Correct, although it's not so much failure to integrate into the faith as no real faith at all.


What I'm having trouble with here is why some nebulous "emotional need" is driving them into this situation where they feel they must convert to Christianity while hunkering down into a state of abject ignorance over what Christianity actually is in order to maintain an emotional connection. If it's so important to them emotionally to be Christian then why do you feel Christianity's teachings to be so threatening to their connection?

Because it doesn't necessarily need to be Christianity that fills the emotional need -  Christinaity just happens to be the right emotional fit at the time. The emotional fix might just as easily have been any number of other things. The reason why that connection is snapped so easily is that an emotional attachment exists only to make someone feel better about themselves, fulfilling a desire to be told "you're OK, everything is fine". The message of Christinaity is that we are not OK...sort of the opposite to what you're hoping to hear. The shock, anger,indignation and often rejection of that message often means that we then don't bother paying attention to what God offers us, which is in fact the only solution to our ultimate problem. Rather, we move on to a an emotional connection which soothes, but will ultimately disappoint as well.

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Offline Aspie

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Well that's what doesn't make sense to me here - if your immediate emotional response is to seek out something that confirms that "everything is fine" why would you go with the most "everything is NOT fine" thing you could possibly find? This makes about as much sense as rushing into a burning building because you're afraid of fire. You'd think this would be a rare once-in-a-lifetime case only worth posing facetiously, but you invoke this as a serious explanation. How is this any less nonsensical and arbitrary than, say:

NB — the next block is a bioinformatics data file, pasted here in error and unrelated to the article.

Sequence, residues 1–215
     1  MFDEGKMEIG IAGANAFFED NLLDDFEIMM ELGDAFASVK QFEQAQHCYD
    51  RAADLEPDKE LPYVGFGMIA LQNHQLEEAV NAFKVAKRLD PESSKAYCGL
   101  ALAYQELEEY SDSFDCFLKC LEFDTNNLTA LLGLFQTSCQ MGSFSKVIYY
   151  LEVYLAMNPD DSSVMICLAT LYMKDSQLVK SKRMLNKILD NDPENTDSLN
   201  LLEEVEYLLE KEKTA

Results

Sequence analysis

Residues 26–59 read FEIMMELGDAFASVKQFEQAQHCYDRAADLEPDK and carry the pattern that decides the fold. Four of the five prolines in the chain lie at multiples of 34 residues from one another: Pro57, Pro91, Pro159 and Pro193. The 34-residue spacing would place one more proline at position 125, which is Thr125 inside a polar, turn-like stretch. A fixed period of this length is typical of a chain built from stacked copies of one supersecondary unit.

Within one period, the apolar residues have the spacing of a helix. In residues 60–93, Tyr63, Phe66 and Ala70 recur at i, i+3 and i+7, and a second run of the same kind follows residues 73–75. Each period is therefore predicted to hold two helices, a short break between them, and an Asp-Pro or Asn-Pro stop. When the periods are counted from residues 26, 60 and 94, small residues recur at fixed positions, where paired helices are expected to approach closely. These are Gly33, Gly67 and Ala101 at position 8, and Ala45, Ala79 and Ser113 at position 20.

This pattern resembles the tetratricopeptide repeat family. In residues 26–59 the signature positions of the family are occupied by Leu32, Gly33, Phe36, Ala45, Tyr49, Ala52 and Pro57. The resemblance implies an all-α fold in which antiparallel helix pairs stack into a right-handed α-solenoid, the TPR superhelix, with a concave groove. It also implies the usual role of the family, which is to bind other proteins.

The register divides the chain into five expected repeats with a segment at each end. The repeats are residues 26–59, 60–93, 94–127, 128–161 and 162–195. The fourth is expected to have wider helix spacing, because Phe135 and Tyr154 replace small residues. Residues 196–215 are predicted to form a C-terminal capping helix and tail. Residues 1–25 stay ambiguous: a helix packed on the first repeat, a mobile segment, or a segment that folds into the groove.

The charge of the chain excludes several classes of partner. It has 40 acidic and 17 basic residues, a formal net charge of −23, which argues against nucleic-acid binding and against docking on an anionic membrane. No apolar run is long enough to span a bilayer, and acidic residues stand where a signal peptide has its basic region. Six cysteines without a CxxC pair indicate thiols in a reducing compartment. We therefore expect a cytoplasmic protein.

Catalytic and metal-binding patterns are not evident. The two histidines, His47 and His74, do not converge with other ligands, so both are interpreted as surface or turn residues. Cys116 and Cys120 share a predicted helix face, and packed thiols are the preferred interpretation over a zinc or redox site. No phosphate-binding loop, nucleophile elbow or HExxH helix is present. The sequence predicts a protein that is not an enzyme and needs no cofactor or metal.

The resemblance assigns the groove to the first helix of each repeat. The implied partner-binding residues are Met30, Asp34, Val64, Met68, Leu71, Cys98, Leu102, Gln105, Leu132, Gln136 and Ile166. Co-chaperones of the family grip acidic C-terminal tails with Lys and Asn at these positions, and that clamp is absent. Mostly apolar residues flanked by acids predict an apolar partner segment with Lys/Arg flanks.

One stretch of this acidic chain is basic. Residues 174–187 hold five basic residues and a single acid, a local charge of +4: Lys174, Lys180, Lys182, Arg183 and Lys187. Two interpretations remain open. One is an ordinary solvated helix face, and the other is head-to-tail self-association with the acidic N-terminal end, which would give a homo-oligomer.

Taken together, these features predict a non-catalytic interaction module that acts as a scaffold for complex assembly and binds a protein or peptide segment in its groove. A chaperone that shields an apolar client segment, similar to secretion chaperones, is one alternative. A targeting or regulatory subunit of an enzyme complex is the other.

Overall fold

So would it be correct to say that Christianity more gave you a chance to use rubber chickens than you recognised in your heart that you were a sinner separated from God the creator of the world, and in need of the salvation Jesus offers?

Is it possible that what you're interpreting as people being in Christianity on a "superficial basis" just to "fill an emotional need" is in actuality a rationalization for why genuine believers leave the faith? How do we distinguish between one losing faith and one faking the faith to reap some nebulous baseline emotional rewards?
« Last Edit: June 09, 2013, 06:26:12 PM by Aspie »

Offline magicmiles

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Well that's what doesn't make sense to me here - if your immediate emotional response is to seek out something that confirms that "everything is fine" why would you go with the most "everything is NOT fine" thing you could possibly find?